• Use photographs as a writing tool. Take a camera with you when you go on neighborhood walks and field trips. Take photos of street signs, store signs, house street numbers, “For Sale” signs, advertisements, bus stop signs, church names, signs on the back of bus stop seats, etc. After the photographs are printed help the children order them, paste them on a large piece of butcher paper, and have the children dictate to you events and descriptions along the walk. You might also encourage them to add their drawing. Hang the entire newspaper on the wall for everyone to “read.”

  • Develop a listening center. Provide an area where children can listen with earphones to music, songs, and tapes of books.

  • Provide all sorts of props for dramatic play. Dramatic play is an ideal place for literacy activities to occur (Neuman, Copple, and Bredekamp, 2000). The video tape, Linking Literacy with Play (Roskos et. al.), provides many examples of specific dramatic play scenarios. Extend literacy activities by placing menus and order forms in the restaurant, phone books, message pads, and clipboards in the office, and shopping lists in the housekeeping area.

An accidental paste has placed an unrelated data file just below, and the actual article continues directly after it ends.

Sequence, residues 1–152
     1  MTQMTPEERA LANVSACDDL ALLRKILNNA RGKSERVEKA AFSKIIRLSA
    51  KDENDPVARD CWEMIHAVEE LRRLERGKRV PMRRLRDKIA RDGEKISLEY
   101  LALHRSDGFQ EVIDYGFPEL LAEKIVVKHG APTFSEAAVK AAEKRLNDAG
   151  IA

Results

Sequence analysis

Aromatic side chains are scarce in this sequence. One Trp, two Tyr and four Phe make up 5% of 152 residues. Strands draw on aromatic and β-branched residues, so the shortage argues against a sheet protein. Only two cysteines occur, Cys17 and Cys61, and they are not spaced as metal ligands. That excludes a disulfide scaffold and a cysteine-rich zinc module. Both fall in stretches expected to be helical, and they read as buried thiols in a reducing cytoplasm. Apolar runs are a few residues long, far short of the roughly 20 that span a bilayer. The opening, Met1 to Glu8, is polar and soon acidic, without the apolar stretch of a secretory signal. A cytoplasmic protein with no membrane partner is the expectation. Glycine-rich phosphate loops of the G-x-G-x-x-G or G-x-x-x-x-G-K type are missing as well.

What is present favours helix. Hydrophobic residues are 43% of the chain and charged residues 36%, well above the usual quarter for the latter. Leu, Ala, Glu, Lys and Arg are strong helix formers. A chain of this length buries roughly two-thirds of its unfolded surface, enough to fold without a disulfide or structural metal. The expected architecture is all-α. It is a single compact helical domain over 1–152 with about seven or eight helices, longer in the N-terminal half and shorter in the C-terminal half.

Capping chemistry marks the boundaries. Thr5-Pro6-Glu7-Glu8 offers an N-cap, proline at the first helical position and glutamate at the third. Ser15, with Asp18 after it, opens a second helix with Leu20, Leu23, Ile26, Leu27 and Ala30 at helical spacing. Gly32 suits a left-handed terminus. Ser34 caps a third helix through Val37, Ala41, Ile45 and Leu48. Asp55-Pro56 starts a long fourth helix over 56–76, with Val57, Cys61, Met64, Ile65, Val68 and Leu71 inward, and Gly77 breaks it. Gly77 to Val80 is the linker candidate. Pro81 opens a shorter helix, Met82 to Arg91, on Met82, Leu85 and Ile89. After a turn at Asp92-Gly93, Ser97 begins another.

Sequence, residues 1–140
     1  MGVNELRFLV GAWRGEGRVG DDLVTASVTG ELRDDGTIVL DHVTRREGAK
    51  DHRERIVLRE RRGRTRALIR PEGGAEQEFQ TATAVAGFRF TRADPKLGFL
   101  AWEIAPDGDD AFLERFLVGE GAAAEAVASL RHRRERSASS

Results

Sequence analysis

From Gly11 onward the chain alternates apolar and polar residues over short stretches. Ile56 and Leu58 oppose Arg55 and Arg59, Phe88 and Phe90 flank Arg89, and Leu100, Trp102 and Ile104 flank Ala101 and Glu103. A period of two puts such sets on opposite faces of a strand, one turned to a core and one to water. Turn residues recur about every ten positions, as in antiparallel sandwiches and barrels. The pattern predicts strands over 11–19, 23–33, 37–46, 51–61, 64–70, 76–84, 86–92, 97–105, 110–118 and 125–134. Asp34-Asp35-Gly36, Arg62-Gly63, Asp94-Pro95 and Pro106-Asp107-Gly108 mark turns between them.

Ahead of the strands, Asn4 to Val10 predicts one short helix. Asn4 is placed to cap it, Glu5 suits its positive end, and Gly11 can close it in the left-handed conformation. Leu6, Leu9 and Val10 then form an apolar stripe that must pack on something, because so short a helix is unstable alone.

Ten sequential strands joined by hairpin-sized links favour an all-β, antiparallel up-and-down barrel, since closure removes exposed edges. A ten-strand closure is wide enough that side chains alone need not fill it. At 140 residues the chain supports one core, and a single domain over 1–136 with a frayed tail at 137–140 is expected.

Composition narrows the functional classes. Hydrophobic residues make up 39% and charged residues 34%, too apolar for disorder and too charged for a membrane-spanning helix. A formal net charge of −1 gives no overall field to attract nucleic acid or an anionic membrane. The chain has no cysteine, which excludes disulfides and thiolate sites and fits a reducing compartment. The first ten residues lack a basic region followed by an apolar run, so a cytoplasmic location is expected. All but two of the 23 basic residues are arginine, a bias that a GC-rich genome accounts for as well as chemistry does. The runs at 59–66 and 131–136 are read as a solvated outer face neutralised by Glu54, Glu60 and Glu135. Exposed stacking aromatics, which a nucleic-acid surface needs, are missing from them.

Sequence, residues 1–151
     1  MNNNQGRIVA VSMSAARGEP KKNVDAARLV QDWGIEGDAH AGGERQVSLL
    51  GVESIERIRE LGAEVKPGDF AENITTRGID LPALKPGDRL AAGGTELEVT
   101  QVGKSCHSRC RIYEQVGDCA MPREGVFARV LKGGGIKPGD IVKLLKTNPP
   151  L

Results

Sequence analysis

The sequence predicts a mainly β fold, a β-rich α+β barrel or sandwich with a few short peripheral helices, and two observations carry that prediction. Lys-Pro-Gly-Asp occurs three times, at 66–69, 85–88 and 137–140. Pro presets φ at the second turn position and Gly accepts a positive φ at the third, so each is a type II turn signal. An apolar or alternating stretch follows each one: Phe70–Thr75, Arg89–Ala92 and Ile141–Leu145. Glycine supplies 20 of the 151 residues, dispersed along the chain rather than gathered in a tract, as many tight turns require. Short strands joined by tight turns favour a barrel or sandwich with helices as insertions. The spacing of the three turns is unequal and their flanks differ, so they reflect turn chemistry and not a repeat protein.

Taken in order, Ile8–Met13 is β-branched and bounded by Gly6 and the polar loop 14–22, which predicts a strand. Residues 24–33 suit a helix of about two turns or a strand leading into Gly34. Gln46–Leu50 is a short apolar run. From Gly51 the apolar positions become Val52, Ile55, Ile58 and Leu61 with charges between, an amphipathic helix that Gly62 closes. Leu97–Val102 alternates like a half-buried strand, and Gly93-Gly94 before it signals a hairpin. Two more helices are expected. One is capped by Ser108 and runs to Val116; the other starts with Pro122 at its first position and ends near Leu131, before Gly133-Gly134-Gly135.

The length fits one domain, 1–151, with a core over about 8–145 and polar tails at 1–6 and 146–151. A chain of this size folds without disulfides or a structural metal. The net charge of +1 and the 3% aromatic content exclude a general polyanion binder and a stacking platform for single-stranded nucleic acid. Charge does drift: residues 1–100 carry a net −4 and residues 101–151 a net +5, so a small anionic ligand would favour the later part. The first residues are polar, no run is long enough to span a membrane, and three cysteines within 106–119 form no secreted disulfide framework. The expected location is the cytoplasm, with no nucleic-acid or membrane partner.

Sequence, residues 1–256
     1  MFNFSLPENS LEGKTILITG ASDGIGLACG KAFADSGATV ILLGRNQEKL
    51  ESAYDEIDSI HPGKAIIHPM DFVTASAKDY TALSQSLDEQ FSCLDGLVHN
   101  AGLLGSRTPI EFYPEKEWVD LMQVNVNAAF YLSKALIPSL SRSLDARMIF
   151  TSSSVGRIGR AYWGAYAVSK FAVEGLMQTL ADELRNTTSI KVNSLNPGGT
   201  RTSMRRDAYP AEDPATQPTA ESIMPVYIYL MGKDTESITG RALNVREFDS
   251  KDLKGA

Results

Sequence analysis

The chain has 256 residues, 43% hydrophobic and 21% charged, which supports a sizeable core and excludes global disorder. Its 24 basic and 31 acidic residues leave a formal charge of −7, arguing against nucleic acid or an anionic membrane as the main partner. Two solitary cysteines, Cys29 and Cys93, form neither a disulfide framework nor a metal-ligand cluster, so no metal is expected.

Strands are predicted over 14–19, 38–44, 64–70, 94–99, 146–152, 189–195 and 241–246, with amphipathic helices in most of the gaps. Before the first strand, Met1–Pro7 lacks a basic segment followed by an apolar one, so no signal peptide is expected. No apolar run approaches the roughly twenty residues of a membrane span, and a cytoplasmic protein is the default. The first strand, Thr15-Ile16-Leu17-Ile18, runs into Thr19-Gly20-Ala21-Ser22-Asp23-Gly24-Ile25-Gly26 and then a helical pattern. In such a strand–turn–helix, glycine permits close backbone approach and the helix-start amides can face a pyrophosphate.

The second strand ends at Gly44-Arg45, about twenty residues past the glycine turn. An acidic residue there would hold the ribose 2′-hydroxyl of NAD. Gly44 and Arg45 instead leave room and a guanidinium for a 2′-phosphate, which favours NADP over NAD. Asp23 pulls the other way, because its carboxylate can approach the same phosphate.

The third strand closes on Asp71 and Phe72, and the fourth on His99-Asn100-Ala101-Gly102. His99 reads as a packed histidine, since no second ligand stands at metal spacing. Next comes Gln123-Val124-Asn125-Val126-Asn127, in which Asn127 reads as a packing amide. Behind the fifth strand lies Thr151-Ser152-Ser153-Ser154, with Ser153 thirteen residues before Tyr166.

• Provide a variety of music, dance, rhythm, and sound repetition activities. Finger plays, marches, songs, folk dances, skip-rope routines, chants, and a variety of other fun activities teach children important skills of sound discrimination, repetition of sound sequences, and the rhythm of language. Sing Through the Day (Swinger, 1999) is a good selection of songs that extends beyond the familiar choices.

  • Make mail boxes with the children, that have their names on then. Then children can receive mail from their class buddies(and maybe the teacher and other staff).

  • Encourage art activities. Writing develops directly from scribbling, so young children need all sorts of activities to use crayons, chalk, pens, paint brushes, and sticks in the sand and mud.

  • Encourage second language learning. Especially at the preschool level, second language acquisition is not only easiest at this age, but some research suggests that a second language enhances the development of a child’s first language.

What Parents Can Do to Encourage Literacy Development

  • Use words for more than directions and punishment. Ask your children questions. Verbally explore ideas and possibilities. Some examples include: “Have you ever thought...?” “What do you think would happen if..?” “Can you figure out why..?” “Let’s look at possible solutions.”